After playing around with the District’s redistricting software last week, I realized that I was not confined to drawing Ward maps. I could assemble any grouping of census blocks and get an immediate calculation of the demographics of the selected geography. I could now answer questions that I had often wondered about: what share of DC’s population lives in historic districts and what is the racial make up of historic district residents?
Click, click, click and I was off looking at historic district maps and trying to recreate them using census blocks. It’s not a perfect match as many historic districts split census blocks. But after an initial effort and several revisions, I came up with some results: 22% of DC’s residents live in a historic district! That strikes me as an incredibly high number and suggests the criteria bar to become a historic district is pretty low.
What was more disturbing was the racial profile of areas that had been protected by preservation law: they are overwhelmingly white. Historic districts are 62% white and 15% black, a disparity of over 4 to 1. Outside of historic districts the population is 49% black and 31% white. There may be many reasons for this, but the disparity alone is eye-popping.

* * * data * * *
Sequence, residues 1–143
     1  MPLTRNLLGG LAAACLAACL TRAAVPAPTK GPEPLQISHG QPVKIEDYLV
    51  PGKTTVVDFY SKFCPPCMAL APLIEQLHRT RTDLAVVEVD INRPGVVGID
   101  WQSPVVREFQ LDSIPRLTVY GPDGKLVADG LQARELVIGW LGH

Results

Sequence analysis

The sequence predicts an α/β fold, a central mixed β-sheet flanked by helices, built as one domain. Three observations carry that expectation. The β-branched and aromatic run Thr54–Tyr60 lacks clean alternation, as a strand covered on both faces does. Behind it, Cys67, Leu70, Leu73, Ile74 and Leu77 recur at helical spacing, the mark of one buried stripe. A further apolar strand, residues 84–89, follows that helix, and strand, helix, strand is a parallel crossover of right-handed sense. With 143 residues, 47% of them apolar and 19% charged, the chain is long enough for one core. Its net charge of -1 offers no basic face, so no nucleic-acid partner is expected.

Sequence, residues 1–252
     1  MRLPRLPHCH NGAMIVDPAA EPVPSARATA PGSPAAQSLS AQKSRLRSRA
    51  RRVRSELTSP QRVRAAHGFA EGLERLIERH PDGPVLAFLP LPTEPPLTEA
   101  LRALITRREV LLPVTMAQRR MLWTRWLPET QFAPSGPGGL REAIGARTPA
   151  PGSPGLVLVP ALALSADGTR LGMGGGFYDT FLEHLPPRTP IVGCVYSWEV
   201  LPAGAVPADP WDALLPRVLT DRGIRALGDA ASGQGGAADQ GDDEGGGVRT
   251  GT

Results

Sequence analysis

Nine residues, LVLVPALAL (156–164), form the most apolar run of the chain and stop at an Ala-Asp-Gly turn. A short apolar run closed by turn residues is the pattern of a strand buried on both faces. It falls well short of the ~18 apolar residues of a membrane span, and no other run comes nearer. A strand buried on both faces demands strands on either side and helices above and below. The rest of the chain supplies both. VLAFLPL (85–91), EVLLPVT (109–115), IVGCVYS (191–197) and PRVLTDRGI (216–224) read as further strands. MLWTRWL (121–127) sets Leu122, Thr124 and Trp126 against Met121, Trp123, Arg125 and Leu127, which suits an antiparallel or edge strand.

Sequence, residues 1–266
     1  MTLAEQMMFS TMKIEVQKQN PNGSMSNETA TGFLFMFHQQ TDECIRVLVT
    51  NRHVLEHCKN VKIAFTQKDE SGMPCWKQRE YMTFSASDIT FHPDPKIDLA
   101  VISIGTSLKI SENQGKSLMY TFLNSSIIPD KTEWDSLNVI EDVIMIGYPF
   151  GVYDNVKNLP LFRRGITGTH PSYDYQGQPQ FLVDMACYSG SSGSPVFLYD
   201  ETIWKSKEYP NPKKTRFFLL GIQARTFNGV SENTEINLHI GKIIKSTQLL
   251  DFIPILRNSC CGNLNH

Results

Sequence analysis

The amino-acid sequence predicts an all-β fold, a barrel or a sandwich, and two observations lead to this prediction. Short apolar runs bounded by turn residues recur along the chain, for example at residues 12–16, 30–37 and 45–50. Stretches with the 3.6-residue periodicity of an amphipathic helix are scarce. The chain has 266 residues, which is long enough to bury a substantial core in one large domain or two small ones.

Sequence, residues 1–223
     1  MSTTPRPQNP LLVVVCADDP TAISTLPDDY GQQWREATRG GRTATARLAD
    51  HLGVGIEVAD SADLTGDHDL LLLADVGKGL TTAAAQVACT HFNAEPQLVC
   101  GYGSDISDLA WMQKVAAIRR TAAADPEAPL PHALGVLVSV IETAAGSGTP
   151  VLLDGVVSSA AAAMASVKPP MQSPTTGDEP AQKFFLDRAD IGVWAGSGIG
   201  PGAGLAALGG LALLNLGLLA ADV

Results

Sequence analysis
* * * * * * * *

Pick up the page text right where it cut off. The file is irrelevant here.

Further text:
While there are historic district in DC that are majority black, they are few and they are small in size. The largest are Kingman Park, Anacostia and St. Elizabeth’s. Each majority black, but combined are about the same size as the Cleveland Park historic district.
The largest historic districts are Capitol Hill, Georgetown, Dupont Circle, Mount Pleasant, and U Street are all majority white. The whitest historic districts are Kalorama Circle, Cleveland Park, Strivers’ Section (South of AdMo), Washington Heights (AdMo), and Sheridan Kalorama. (These are inexact population numbers since historic districts split many census blocks – but they are close).
Is DC measuring outcomes of its historic preservation decisions? I don’t think it is and it should, and for more than race. We need to be measuring incomes, employment, housing costs, and health outcomes. Are historic districts providing equity or are they preserving privilege?
In places like Cleveland Park that were founded with the intention to exclude blacks, the creation of the historic district cemented the racial composition the founders intended. Places like Portland Oregon are taking steps to address these inequities by amending their historic preservation code. As one housing advocate in Portland said, “many of the historic districts… have at least some policies of exclusion in their pasts. When neighborhoods like that are protected from change, they’re preserving that same exclusion.” Same here. We need to assemble the data and be intentional about addressing it.